Photo by Crystal Sing

The dieting industry and media seem to be coming after our post-pandemic bodies. After the year we’ve survived and lived through and the unprecedented events we’ve endured, is our appearance the most important thing? Maybe like me, you’ve been targeted with exercise programs, weight loss supplements, and captions with phrases like “bikini body” and “hot girl summer.” What if we made this a real body summer instead? Or a “fed girl summer” or “nourished body summer, or what about a healing and whole summer? Shouldn’t movement and food be used to nourish our bodies rather than punish them? Isn’t healing from the inside out the most important journey?

There is nothing more incredible than natural bodies or real women. But what if you don’t “feel” incredible? Can you still make peace with your body? I believe the answer is yes…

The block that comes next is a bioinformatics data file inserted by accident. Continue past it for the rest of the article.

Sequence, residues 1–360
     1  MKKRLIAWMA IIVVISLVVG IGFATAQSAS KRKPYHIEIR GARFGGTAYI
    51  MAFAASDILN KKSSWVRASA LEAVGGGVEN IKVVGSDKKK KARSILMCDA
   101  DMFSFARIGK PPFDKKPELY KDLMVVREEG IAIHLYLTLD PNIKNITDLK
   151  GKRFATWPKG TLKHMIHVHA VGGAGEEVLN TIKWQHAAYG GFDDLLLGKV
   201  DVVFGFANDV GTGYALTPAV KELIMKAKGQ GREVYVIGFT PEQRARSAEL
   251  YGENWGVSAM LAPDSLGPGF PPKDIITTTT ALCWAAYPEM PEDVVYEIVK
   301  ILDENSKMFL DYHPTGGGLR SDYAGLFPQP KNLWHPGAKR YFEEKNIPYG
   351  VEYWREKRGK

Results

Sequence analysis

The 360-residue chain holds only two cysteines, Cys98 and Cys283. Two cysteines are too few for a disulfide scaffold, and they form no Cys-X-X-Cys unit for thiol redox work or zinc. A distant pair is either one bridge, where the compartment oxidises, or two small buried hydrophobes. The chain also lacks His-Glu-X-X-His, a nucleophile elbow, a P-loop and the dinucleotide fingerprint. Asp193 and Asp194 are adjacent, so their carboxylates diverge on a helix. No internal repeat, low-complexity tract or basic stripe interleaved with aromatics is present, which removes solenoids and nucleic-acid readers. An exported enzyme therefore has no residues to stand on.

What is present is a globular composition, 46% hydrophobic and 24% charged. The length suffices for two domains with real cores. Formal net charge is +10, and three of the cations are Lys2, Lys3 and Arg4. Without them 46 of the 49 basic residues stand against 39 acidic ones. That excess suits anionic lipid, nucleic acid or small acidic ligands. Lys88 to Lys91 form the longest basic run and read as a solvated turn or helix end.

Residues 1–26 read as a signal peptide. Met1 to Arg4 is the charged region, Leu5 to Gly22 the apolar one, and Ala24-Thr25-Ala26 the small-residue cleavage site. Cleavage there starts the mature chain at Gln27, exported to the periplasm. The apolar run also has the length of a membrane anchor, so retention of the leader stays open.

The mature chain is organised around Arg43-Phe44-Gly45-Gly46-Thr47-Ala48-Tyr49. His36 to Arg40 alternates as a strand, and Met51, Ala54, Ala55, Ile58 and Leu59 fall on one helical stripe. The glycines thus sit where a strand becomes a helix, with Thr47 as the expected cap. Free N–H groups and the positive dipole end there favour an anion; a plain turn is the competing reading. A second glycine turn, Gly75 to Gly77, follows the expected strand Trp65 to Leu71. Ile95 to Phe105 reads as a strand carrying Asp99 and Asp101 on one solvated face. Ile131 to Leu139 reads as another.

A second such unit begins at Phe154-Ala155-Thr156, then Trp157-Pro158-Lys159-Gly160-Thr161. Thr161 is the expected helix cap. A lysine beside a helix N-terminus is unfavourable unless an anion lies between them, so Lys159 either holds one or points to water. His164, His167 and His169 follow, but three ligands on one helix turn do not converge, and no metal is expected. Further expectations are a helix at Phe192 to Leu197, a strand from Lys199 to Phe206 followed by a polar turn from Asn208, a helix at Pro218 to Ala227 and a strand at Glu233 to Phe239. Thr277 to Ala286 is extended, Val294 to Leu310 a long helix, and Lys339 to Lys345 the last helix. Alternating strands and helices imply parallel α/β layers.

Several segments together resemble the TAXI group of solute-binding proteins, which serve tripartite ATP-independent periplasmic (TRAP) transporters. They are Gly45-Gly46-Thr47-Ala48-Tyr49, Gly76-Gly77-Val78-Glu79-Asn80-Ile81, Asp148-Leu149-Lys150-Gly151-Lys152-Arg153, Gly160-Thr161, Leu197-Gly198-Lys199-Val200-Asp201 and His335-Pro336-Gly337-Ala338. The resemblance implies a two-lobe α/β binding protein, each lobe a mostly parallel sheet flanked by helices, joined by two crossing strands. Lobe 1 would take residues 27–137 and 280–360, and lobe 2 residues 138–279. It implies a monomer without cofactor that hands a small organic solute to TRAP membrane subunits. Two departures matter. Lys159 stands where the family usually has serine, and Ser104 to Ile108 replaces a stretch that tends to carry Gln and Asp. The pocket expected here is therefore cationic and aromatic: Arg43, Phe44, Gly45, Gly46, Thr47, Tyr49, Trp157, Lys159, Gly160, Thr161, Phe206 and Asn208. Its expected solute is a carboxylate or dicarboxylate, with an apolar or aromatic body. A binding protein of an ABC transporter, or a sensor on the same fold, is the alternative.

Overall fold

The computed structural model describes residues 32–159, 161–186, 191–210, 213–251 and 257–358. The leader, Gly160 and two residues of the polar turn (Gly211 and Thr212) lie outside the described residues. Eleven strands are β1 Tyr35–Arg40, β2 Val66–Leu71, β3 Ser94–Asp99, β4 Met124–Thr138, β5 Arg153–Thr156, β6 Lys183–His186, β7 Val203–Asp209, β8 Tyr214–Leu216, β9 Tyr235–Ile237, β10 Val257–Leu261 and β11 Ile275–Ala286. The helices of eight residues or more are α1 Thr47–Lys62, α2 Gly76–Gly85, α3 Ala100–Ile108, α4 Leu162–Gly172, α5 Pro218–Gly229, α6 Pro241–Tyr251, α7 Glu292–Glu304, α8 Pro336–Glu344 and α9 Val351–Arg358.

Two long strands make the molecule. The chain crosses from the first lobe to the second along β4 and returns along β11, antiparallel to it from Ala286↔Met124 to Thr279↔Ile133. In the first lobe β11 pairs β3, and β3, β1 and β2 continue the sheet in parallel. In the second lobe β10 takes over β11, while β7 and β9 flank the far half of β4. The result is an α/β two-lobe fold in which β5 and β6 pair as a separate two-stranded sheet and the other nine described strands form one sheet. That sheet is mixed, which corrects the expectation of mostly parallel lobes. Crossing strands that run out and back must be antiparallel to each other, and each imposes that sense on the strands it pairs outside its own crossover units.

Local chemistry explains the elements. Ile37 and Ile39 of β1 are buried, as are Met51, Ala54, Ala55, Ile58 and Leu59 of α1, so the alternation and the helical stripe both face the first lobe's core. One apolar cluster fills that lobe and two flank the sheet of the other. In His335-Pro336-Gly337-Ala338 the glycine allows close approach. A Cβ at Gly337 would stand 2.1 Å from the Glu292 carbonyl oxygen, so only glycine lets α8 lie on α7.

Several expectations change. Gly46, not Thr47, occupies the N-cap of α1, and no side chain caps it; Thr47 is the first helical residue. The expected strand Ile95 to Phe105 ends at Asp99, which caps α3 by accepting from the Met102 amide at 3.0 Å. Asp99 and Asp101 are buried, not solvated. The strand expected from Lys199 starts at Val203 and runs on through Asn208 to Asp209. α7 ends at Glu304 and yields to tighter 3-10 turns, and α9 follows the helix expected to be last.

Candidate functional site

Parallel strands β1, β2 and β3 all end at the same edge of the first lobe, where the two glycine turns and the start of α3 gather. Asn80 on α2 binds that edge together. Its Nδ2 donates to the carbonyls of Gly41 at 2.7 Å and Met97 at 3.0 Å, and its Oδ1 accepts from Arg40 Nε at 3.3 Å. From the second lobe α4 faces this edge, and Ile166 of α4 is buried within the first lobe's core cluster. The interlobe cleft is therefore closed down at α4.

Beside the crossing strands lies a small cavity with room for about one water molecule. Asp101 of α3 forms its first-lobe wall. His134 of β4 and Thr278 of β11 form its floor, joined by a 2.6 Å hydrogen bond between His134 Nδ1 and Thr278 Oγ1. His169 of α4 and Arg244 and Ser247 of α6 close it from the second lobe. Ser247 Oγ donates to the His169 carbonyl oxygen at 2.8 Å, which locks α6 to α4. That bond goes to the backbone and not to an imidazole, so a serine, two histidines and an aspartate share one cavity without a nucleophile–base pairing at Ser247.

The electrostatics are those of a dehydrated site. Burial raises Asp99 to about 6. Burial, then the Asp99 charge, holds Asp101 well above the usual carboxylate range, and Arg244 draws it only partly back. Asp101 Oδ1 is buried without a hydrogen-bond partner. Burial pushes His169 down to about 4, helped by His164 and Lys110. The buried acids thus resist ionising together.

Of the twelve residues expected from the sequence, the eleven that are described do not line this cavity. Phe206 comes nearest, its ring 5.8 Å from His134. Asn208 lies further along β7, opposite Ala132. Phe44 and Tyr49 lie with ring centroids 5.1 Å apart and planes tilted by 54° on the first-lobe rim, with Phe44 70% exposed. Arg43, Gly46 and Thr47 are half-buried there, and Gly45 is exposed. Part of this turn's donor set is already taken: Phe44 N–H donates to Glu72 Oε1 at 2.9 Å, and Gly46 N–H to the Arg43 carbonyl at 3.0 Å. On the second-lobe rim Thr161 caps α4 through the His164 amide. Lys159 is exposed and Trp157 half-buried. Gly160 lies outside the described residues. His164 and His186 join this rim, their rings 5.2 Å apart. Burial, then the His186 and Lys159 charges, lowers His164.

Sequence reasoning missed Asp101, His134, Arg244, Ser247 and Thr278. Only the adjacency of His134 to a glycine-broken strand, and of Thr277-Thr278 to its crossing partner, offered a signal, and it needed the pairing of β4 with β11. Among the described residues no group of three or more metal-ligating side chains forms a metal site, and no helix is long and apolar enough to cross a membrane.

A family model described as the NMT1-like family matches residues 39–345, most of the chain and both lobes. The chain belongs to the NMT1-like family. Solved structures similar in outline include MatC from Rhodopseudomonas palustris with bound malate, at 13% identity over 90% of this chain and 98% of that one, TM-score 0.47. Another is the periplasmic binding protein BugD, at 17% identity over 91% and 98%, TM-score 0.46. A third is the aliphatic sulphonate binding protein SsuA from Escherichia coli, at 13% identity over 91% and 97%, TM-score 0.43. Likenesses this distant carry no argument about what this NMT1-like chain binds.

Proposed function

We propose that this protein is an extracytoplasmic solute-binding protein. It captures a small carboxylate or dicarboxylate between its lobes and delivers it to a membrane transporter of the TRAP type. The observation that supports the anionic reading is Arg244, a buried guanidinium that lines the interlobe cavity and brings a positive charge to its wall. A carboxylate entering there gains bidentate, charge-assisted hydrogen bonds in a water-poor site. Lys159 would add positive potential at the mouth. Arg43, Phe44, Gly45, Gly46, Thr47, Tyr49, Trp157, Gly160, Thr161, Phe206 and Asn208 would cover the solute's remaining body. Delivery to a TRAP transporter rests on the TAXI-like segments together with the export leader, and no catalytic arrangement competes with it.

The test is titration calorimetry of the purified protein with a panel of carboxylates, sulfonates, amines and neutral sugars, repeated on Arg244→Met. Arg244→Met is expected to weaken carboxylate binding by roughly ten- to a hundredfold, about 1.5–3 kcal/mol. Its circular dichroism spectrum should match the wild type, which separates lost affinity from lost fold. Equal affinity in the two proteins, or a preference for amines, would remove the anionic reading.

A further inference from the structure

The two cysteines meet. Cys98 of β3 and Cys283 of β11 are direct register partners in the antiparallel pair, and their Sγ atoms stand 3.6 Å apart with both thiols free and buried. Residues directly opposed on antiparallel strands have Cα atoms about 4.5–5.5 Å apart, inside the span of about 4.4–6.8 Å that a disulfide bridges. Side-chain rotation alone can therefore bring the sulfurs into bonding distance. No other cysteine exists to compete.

Some women might feel resistance towards the recently trendy “body positive” movement. All bodies are worthy of respect and celebration whether or not they fall under the typical societal standards of beauty. But maybe you feel like you don’t love your stretch marks, scars, or dark circles under your eyes. Maybe you despise the way your thighs touch or buying a larger bathing suit because you are too tired to try. Guess what? That’s okay. Perhaps you don’t have to “love” all the quirks that come with being a real human every single day, but you don’t have to hate them either. Your body has value separate from your appearance and clothing size. It is deserving of respect and kindness whether it’s a few pounds heavier than last year or not. What if we made peace with our bodies this summer instead of hating them, fighting them, and trying to make them fit an unreal expectation? What if we focused on all the things our bodies enabled us to do this past year and appreciated that we got out of bed through all the challenges of 2020? Thanks to our bodies, we can have conversations with people we love. We can enjoy good tasting food, read books, dance, run, walk, see a beautiful sunset or sunrise; we can give hugs and offer comfort, as well as love and support those we care about.